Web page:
This is not the American way. It is, in my opinion, the beginning of a walk down a very slippery path where our constitutional rights are open to interpretation and definition by people who do not look like you and I and do not have our best interest at hand.

    In fact to frame the argument as an “immigration dispute” is very clever and insidious by design. It is the beginning of an erosion of our rights as Americans and an attempt to redefine our psyche. Let’s just scare the American people into giving up their freedoms – one by one.

    There are a lot of angry “Americans” out there who are angry about the loss of jobs and the lack of money and would much rather blame their circumstances on anyone else other than themselves or the people they elected. Just look at the Tea Party movement or listen to any conservative radio talk show host. Most participants identify themselves as “proud Americans”. What does that mean? I would argue that is just another way of saying I am a white American. Who should the proud “American” blame for their economic pain? Who is the enemy? The answer: anyone who doesn’t look like them, live next to them or share their way of life.

    The erosion of freedom happens in small steps over time. “Justifiable” measures taken to “protect us” by themselves seem innocent enough unless you are able to connect the dots. The danger is that by the time you are able to connect the dots it may be too late. Don’t think it can happen – just ask a holocaust survivor.


  2. James A

    As long as our government refuses to punish business owners and other employers for inviting foreign labor into our country, I will not participate in any denigration of the people who come into the country to take advantage of the opportunities that they see here.

    It’s just plain wrong.

  3. James A

    I actually heard one person come front and center and call for punishment of the employers.

    In CA they used to call the “Green Bus” at tax reporting time so they wouldn’t have to report on the taxes they had collected from the Illegals. This was every quarter.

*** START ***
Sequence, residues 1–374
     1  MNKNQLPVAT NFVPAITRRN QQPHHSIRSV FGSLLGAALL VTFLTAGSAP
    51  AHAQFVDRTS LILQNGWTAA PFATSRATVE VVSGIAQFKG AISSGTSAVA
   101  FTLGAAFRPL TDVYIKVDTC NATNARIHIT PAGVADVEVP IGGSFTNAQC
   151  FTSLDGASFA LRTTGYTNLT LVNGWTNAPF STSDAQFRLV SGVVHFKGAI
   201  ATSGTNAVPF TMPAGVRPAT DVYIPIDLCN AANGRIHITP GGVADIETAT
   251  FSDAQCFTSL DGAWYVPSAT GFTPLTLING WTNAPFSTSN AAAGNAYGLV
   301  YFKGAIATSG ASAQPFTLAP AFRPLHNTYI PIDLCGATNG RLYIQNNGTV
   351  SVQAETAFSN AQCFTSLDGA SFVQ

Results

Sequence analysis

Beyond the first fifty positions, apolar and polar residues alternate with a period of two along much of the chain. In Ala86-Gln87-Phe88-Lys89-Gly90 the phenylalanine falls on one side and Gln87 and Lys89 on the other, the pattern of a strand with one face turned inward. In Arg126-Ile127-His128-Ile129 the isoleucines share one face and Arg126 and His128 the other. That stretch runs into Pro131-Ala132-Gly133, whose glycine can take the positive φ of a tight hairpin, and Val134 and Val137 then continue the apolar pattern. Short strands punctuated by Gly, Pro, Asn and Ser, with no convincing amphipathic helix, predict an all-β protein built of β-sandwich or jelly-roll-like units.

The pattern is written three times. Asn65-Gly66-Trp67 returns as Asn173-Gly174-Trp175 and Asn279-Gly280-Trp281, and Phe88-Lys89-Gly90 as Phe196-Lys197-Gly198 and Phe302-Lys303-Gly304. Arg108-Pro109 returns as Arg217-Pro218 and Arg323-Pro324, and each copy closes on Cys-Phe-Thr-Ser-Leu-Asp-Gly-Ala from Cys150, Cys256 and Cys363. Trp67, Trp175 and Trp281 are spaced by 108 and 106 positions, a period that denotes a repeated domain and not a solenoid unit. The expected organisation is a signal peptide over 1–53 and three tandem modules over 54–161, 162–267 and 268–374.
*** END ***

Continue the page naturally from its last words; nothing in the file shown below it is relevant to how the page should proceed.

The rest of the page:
4. Fred

    As far as I am concerned, being an hispanic male too, there is no such thing as racial profiling by the police. I can prove it too…
    If you are white and pulled over in a predominately black neighborhood like 35th and Brown in Milwaukee at 2am where there is a lot of drug and prostitution activity, that isn’t considered racial profiling…
    If you are going to call it “racial profiling”, then do it for EVERYONE.. EVERY RACE.
    Let Arizona enforce a federal law already in place…..
    Has America become that complacent or just stupid?

  5. John L

    Luckily, I live in Texas and if you tried to pull the breaking into my house thing, you would be shot and killed. I don’t have to give you the option to leave. I wouldn’t even have to do you the courtesy of announcing that I was going to shoot.

    That said, I would tend to agree with June R on almost all of her post with the exception of :

    1. “this amounts to racial profiling.” — Yup, and in this instance, just as the weeks and months following 9/11 is a necessary thing. How much sense does it make to ask a blonde haired, blue eyed individual for their papers??? (I KNOW that some exist, but what is the frequency of that description occuring in the racial profile?)


    2. ” . . . is now subject to random searches and the added requirement of making sure they carry legal documentation of their citizenship with them at all times.” — Come on now. An “ADDED” requirement?!?!? A drivers license or state ID is sufficient and should already be something you carry with you all the time.